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Minute on the clock: Emma Underwood

19 September 2016 by
Minute on the clock: Emma Underwood

Emma Underwood is general manager of Burnt Truffle in Heswall on the Wirral, owned by chef Gary Usher. She has joined forces with food writer and performer Anna Sulan Masing to launch the Switch, a front of house initiative to mirror the chef's stage. She speaks to Janet Harmer

How did the Switch come about?

Anna Sulan Masing and Dan Doherty of Duck & Waffle founded the TMRW Project, a platform for people in the industry, particularly those early in their career, to grow, learn and connect with one another. Originally it was chef-focused, but this year it has broadened out. Dan found stages really useful as a young chef and suggested the same could be done for staff out front. I became involved after meeting Anna earlier this year, having recently been on a stage myself, at Paradise Garage in east London.

How will the scheme work?

We plan to pair up restaurants that are different to one another, to enable them to ‘switch' staff for three to five days. The absent member of staff will have their hours covered by the person they have switched with and they won't lose out on pay. It will take place on the week commencing 10 October.

How will swapping front-of-house staff between restaurants help the careers of individuals?

Hopefully staff will return to their workplace with a renewed interest in the industry, new knowledge and a bigger support system and network. As a career choice, working front of house isn't always at the top of everyone's list, but we hope that the Switch will help demonstrate what a rewarding career it can be.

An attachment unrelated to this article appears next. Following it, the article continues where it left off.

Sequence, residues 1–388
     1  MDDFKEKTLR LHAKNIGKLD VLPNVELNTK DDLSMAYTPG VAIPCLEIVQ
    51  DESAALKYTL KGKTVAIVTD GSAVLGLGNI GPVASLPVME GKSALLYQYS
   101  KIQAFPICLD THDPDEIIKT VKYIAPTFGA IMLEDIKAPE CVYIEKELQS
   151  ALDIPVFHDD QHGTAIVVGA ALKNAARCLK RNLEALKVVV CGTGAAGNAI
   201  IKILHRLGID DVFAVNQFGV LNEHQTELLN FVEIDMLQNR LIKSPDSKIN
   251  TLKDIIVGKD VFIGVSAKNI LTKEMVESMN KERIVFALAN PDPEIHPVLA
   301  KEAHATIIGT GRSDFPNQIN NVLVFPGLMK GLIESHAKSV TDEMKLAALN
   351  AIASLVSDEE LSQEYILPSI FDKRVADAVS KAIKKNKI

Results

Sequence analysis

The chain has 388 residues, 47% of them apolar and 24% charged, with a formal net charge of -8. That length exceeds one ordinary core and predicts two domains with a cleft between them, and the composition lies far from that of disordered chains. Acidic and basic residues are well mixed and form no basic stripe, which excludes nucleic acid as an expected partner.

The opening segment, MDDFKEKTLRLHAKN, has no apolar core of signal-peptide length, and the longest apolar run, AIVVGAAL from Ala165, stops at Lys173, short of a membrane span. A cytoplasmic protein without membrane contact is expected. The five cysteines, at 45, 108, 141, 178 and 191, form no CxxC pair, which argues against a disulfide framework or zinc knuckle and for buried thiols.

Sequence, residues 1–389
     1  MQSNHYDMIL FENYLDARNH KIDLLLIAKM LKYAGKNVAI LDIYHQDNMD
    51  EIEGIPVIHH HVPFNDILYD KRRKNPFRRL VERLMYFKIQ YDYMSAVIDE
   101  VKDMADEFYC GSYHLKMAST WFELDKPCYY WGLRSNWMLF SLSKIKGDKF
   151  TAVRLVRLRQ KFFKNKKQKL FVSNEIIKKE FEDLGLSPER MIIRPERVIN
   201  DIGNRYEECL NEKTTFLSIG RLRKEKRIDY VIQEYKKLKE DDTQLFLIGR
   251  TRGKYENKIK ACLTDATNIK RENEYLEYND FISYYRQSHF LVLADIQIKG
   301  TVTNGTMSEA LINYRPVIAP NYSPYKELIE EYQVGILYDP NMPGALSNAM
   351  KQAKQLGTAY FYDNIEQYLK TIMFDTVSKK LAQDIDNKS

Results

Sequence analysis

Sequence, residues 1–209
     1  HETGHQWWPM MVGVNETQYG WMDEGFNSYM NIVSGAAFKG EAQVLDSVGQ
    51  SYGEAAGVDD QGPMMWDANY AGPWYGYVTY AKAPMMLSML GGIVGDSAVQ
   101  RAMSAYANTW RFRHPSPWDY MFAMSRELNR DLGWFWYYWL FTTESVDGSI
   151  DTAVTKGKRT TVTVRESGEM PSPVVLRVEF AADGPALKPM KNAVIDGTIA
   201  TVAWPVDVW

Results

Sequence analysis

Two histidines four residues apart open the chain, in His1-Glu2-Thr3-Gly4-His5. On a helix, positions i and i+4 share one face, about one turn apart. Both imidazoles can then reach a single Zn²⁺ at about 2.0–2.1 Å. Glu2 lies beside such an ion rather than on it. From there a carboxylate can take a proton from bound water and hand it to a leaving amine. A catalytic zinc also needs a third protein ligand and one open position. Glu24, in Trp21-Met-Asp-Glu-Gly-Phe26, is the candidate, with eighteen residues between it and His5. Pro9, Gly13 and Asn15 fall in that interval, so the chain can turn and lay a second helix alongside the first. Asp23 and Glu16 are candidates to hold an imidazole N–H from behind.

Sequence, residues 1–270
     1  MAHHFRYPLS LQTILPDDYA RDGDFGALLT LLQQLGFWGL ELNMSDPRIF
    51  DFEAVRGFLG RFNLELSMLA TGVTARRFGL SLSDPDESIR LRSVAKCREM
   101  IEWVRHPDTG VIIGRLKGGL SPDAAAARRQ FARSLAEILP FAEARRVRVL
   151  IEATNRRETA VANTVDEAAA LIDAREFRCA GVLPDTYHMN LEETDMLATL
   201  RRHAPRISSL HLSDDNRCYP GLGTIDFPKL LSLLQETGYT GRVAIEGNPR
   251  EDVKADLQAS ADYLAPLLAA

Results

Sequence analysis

How will it benefit restaurants?

It will provide a learning, development and training opportunities for staff. Restaurants will get the chance to be exposed to new ideas and influences.

We want the Switch to have a really big presence on social media. Participants will be encouraged to blog and tweet using the hashtag #FoHSwitch, which will help create a community and build an exciting narrative about front of house.

You had an unusual route into hospitality, having started a PHD in history. Why did you decide to give up your studies?

I have worked in restaurants since I was 15 and always loved the buzz. I followed the academic path because I felt it was the 'correct' thing to do, but I fell further in love with the industry when I joined Sticky Walnut in 2012 as a part-time waitress. I was coming up to my third year of my PhD when Gary offered me the job of assistant manager. It was really heartbreaking giving up my thesis, but I have never regretted my decision.

What would you say to encourage young people to join the industry?

That it isn't easy, but it is hugely rewarding. It's one of the few careers where you can clearly see the results of your hard work by making guests smile and helping colleagues to learn and grow. It is vital, however, to find the right restaurant for you.

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